Patient engagement for those at serious risk from COVID-19

New research captured in the fourth COVID Community Sentiment Index, published by Pfizer Australia shows three-quarters of Australians at higher risk of serious illness from COVID-19 do not have a COVID plan in place with their GP if they test positive for the virus.  The research also found that 89 per cent of GPs reported being concerned about the impact of COVID-19 on the people they treat, compared to 67 per cent of the general population.

 

Dr Daniel Nour, founder of not-for-profit Street Side Medics and 2022 Young Australian of the Year, urges Australian doctors to continue to engage with their patients at higher risk of serious illness from COVID-19 on proactive steps they can take ahead of winter: “For most people, COVID-19 is no longer front of mind but all of us on the frontline are still seeing the significant impact of the virus on the more vulnerable members of our communities. If a patient you treat is at higher risk of serious illness, encourage them to put together a COVID plan now, test if they suspect COVID-19, and be ready to act fast and implement their plan if they test positive”, Dr Nour said.

 

The research found that more than a third (35 per cent) of Australians were not aware that oral antiviral medicines can help reduce the risk of serious illness from COVID-19 and more than half (54 per cent) were not aware they need to be started within five days of symptoms starting or testing positive.

 

Additionally, the research showed 41 per cent of doctors do not always prescribe oral antiviral medicines to patients at higher risk of serious illness from COVID-19, with less severe symptoms reported as one of the leading barriers.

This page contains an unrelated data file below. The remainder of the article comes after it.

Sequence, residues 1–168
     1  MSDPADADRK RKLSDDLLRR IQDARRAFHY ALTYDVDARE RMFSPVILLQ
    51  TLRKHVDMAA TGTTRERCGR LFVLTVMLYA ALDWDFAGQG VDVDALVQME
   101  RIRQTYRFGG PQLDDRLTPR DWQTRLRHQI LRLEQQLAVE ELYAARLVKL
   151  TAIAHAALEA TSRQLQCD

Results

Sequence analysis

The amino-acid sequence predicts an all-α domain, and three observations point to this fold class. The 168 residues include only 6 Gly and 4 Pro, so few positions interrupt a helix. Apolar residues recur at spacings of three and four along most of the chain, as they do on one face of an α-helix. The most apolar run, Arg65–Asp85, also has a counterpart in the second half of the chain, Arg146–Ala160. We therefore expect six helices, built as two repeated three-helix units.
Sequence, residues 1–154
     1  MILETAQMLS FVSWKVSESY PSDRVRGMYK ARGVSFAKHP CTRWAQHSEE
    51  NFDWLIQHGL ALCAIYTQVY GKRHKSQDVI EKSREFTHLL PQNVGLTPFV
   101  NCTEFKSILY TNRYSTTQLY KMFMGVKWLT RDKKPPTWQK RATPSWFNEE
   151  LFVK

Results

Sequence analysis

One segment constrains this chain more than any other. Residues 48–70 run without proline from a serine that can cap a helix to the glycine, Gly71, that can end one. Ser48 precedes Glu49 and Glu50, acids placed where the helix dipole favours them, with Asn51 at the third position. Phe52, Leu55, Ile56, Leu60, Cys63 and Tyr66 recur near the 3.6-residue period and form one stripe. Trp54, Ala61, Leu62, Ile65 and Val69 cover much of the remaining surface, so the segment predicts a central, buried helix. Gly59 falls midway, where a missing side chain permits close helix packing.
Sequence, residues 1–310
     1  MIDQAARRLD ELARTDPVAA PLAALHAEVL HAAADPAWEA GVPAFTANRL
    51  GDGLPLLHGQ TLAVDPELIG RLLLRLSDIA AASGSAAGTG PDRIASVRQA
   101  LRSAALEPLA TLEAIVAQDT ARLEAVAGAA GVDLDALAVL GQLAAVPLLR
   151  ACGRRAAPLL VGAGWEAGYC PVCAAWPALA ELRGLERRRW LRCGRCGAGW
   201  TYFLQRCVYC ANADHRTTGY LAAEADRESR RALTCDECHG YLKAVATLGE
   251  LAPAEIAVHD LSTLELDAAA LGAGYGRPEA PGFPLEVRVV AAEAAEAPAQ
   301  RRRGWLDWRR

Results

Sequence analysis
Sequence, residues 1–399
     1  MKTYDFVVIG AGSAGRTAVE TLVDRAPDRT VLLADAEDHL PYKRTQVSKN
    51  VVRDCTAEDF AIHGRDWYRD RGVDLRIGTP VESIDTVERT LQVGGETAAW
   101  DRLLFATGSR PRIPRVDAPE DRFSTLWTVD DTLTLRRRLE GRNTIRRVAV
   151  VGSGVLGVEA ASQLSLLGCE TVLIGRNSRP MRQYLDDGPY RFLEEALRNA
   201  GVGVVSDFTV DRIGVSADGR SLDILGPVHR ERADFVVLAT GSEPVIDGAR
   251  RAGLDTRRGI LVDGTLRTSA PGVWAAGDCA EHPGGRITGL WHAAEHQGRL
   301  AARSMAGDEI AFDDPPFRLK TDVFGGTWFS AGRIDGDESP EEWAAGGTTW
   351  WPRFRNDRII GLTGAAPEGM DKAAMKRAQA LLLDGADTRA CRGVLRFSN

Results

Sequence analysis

Dr Nour responded to these findings, adding: “If your patient is in the one in four Australians at risk of serious illness from COVID-19, they may be eligible for oral antiviral medicines. Don’t wait for worsening symptoms; treatment with oral antivirals needs to be commenced as soon as possible after testing positive for COVID-19 and within five days of symptoms starting.”

 

Dr Krishan Thiru, Medical Director at Pfizer Australia and New Zealand, said understanding the sentiment of GPs around COVID-19 was important because they are often the first point of contact for someone with a health concern.

 

“While we have been living with COVID-19 for four years, these results show GPs are still concerned about the impact of the virus in their communities – nearly 9 in 10 (86 per cent) GPs say they are concerned about misinformation around COVID-19 and oral antivirals. Now is the time for GPs to speak with their patients who are at higher risk of serious illness from COVID-19, provide them with accurate information, and jointly develop a plan in case they test positive for the virus,” Dr Thiru said

 

 

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